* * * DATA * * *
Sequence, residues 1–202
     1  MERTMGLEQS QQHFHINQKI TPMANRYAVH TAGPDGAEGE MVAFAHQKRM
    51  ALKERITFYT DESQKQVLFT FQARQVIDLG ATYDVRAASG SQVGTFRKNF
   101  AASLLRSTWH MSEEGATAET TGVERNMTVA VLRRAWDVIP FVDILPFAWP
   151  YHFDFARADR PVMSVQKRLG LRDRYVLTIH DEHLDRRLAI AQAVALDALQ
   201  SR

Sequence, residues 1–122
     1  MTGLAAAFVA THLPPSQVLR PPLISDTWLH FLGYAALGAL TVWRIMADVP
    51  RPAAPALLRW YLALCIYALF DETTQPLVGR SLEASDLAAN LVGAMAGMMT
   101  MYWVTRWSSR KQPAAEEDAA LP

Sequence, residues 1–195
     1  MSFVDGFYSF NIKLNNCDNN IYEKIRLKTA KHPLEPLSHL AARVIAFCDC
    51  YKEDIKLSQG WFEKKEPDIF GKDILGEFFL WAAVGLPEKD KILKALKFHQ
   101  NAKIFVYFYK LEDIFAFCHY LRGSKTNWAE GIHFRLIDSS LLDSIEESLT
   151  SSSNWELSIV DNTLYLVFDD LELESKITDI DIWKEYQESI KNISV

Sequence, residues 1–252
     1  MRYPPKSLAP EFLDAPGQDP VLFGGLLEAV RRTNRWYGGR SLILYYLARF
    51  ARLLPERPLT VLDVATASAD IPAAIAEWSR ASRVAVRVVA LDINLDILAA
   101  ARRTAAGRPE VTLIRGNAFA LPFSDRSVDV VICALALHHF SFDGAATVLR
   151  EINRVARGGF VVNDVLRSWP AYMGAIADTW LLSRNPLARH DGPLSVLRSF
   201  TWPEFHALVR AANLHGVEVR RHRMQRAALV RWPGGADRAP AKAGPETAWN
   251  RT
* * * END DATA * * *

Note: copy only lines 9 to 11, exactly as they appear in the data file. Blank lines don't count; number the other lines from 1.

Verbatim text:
    51  RPAAPALLRW YLALCIYALF DETTQPLVGR SLEASDLAAN LVGAMAGMMT
   101  MYWVTRWSSR KQPAAEEDAA LP

Sequence, residues 1–195